Thus Spake Zarathustra: A Book for All and None

By Friedrich Nietzsche

Page 164

refined features. But he restrained
himself. "Well!" said he, "thither leadeth the way, there lieth the
cave of Zarathustra; and this day is to have a long evening! At present,
however, a cry of distress calleth me hastily away from you.

It will honour my cave if kings want to sit and wait in it: but, to be
sure, ye will have to wait long!

Well! What of that! Where doth one at present learn better to wait
than at courts? And the whole virtue of kings that hath remained unto
them--is it not called to-day: ABILITY to wait?"

Thus spake Zarathustra.


And Zarathustra went thoughtfully on, further and lower down, through
forests and past moory bottoms; as it happeneth, however, to every one
who meditateth upon hard matters, he trod thereby unawares upon a man.
And lo, there spurted into his face all at once a cry of pain, and two
curses and twenty bad invectives, so that in his fright he raised his
stick and also struck the trodden one. Immediately afterwards, however,
he regained his composure, and his heart laughed at the folly he had
just committed.

"Pardon me," said he to the trodden one, who had got up enraged, and had
seated himself, "pardon me, and hear first of all a parable.

As a wanderer who dreameth of remote things on a lonesome highway,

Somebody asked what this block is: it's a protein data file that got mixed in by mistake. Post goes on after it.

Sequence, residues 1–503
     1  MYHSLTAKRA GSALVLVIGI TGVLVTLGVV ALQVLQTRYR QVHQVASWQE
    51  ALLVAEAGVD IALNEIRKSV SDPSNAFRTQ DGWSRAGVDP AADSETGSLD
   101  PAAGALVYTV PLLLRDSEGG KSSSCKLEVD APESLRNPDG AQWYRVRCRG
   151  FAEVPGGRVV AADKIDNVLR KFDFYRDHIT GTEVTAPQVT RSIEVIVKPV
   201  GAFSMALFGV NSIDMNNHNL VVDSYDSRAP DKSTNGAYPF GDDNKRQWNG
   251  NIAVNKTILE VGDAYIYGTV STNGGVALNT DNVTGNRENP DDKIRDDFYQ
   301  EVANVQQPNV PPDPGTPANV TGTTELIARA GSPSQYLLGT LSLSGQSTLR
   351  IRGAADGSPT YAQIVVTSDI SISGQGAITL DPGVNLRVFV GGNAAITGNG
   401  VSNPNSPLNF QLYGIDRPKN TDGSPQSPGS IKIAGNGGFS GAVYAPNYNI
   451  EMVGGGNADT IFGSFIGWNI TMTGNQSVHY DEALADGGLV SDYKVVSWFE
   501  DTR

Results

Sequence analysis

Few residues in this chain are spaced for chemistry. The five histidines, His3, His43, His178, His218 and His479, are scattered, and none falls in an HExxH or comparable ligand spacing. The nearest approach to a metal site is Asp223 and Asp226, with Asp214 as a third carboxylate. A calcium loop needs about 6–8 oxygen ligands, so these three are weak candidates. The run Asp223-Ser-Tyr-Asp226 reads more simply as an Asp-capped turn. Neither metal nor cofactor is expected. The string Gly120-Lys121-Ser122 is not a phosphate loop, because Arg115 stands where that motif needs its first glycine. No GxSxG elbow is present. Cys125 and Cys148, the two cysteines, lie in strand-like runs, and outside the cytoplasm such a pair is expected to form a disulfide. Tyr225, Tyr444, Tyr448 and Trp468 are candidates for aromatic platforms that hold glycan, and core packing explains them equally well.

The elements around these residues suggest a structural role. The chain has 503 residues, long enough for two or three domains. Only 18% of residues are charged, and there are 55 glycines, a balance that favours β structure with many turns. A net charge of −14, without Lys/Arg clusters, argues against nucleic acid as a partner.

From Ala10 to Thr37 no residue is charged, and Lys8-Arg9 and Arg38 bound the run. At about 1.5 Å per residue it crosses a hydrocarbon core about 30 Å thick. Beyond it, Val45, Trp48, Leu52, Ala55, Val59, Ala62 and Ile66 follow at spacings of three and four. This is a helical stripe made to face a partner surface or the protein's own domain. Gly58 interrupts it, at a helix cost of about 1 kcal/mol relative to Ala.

runneth unawares against a sleeping dog, a dog which lieth in the sun:

--As both of them then start up and snap at each other, like deadly
enemies, those two beings mortally frightened--so did it happen unto us.

And yet! And yet--how little was lacking for them to caress each other,
that dog and that lonesome one! Are they not both--lonesome ones!"

--"Whoever thou art," said the trodden one, still enraged, "thou
treadest also too nigh me with thy parable, and not only with thy foot!

Lo! am I then a dog?"--And thereupon the sitting one got up, and pulled
his naked arm out of the swamp. For at first he had lain outstretched
on the ground, hidden and indiscernible, like those who lie in wait for

"But whatever art thou about!" called out Zarathustra in alarm, for he
saw a deal of blood streaming over the naked arm,--"what hath hurt thee?
Hath an evil beast bit thee, thou unfortunate one?"

The bleeding one laughed, still angry, "What matter is it to thee!" said
he, and was about to go on. "Here am I at home and in my province.
Let him question me whoever will: to a dolt, however, I shall hardly

"Thou art mistaken," said

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